By Daniel Reynen Citizen Columnist
Iam a huge fan of coffee. When I wake up, drinking a cup is one of the rituals I go through that helps get me ready for the day. I'm not a purist. I like to add some fat-free cream and Splenda. A few years ago I also started putting a couple of heaping teaspoons of unsweetened cocoa powder in my coffee. That was after research came out that people who ate as little as four grams of cocoa (2.5 teaspoons) a day reduced their risk of a heart attack by 50 percent.
I get to live longer and my coffee now tastes like chocolate. It's a win-win. So when I heard that people have started adding butter to their coffee for health reasons, I was intrigued. I could eat butter and be healthier?
It's called "Bulletproof coffee." But you can't just dump any butter into a cup of coffee for the benefits. The recipe is very specific.
Start with 1 cup (8 oz.) of filtered water. Bring it to a boil. Then put 2¬½ tablespoons of freshly ground beans and the water into a French press. Let the coffee steep for four minutes in the French press.
In a blender, put 2 tablespoons (or "much more") of grass-fed, unsalted butter or ghee, the freshly brewed coffee and 1 teaspoon Bulletproof Upgraded Brain Octane. (The "octane" is a coconut-palm oil blend called MCT, which stands for medium chain triglycerides.) Mix everything together until it turns frothy and is ready to drink.
The claims made are numerous. Supposedly you'll get a jolt of energy, it'll sharpen your mind while it helps you slim down. So let's look into the claims. True or false?
• You'll get a jolt of energy. That's true, but it's not because of anything proprietary in this brand of coffee. Regular coffee has caffeine, a known stimulant. But you can get that jolt from the decaffeinated version as well. The "energy" comes from the calories in butter. In fact, any food that has calories gives you "energy." A calorie is simply a measure of energy.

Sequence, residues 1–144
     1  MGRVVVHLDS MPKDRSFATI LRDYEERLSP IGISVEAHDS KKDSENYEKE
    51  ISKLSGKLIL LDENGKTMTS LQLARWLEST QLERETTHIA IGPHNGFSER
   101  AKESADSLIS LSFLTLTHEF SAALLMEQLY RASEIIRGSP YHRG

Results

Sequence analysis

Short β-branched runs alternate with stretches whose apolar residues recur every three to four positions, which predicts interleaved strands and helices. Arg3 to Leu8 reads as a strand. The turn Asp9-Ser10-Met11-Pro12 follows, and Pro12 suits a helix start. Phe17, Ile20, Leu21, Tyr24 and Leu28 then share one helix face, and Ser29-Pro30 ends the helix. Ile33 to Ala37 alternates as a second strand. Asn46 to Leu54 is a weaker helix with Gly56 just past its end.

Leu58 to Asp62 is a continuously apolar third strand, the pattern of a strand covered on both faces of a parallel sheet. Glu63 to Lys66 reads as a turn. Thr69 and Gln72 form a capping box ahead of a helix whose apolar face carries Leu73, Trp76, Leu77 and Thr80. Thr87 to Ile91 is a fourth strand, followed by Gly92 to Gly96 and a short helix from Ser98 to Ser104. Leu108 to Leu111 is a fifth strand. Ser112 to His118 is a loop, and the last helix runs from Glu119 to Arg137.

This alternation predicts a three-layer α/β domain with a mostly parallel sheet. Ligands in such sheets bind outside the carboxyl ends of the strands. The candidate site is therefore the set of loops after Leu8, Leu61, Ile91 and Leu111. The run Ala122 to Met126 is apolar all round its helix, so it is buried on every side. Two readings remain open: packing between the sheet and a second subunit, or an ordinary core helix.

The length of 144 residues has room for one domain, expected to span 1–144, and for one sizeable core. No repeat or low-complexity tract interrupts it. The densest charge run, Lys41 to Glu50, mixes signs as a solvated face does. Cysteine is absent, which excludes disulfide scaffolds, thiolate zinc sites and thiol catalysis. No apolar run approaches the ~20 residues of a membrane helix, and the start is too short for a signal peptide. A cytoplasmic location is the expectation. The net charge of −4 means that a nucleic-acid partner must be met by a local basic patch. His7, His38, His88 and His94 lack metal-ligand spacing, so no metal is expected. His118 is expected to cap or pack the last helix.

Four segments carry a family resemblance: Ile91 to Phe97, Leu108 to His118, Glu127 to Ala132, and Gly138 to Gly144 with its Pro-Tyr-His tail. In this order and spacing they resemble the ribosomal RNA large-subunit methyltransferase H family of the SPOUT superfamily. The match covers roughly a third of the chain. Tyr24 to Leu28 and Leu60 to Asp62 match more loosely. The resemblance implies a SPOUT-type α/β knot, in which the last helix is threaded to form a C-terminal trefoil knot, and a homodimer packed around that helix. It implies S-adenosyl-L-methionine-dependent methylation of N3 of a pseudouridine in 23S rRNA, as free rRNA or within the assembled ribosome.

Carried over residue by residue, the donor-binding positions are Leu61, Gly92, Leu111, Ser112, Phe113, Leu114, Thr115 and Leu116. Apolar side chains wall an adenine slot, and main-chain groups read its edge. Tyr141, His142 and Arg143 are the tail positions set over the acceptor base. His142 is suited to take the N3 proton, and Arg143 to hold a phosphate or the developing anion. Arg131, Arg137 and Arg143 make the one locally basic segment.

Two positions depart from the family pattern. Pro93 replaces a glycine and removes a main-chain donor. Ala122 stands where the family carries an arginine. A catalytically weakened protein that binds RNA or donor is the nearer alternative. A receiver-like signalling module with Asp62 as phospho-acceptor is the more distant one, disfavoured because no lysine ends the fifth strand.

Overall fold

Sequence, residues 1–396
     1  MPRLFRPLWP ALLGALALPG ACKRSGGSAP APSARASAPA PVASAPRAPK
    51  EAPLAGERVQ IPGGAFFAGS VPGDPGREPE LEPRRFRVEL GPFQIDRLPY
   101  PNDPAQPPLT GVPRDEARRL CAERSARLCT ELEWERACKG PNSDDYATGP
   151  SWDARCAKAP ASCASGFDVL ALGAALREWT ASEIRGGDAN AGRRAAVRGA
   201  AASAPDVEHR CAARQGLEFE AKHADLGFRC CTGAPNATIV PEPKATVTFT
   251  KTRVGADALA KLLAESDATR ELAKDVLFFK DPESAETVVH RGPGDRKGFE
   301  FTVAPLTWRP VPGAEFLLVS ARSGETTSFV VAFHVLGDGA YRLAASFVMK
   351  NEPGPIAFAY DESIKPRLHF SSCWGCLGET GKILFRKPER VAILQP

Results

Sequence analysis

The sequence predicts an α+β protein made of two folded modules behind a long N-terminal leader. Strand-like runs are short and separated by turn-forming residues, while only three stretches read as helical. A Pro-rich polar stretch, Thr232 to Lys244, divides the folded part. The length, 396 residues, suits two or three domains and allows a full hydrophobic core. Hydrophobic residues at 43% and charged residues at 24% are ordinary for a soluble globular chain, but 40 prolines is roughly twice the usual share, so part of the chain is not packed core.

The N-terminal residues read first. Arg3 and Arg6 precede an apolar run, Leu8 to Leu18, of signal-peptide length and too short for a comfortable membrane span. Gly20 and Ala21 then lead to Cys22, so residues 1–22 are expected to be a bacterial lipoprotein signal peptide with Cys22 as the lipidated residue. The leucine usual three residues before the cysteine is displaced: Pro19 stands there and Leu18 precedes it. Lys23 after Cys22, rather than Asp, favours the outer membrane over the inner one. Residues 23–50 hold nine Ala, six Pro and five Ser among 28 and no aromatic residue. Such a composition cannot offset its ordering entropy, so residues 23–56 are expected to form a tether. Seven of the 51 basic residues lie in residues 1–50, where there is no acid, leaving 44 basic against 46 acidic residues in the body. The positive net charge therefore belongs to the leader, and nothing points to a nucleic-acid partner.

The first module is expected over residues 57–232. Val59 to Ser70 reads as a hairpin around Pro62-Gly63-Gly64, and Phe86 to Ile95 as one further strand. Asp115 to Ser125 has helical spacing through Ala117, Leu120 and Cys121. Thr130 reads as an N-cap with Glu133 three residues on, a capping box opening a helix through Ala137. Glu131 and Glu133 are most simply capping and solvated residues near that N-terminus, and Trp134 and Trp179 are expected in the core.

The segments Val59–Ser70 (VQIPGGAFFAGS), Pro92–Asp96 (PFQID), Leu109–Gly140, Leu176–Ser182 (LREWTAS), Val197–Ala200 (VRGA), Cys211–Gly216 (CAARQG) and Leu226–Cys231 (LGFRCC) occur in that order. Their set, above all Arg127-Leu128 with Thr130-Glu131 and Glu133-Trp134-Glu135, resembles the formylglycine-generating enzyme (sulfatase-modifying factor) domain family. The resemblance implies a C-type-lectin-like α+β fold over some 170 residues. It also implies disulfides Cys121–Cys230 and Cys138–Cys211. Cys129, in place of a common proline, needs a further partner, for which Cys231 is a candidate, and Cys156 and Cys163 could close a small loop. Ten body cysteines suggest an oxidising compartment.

• It'll sharpen your mind. That's true, but not because of any special ingredients in the the coffee or the special beans. Once again, caffeine is a known stimulant and has been shown to increase mental focus. But if you get the decaffeinated version, the benefit comes from calories.
Your brain uses up to 20 percent of the energy your body produces to function. First thing in the morning you don't have a lot of calories to help your brain work. Drinking coffee with calories in it gives your brain energy to work better. It's the calories, not the special ingredients that'll sharpen your mind. You get the same effect, plus beneficial fiber that'll reduce your risk of heart attack, if you just eat a bowl of oatmeal.
• It's going to help you lose weight. That's false. There are no clinical studies that show drinking coffee with butter or any other ingredient will help you lose weight. Unfortunately, claiming that this product can "help you lose weight" is only unethical, not illegal. Supplement companies can claim their products "enhance" things like weight loss without a shred of evidence.
Drinking coffee with butter and coconut oil is just a way to get you to replace your morning coffee habit with ingredients sold by this company. You might actually gain weight if you do it on a regular basis from the extra calories.
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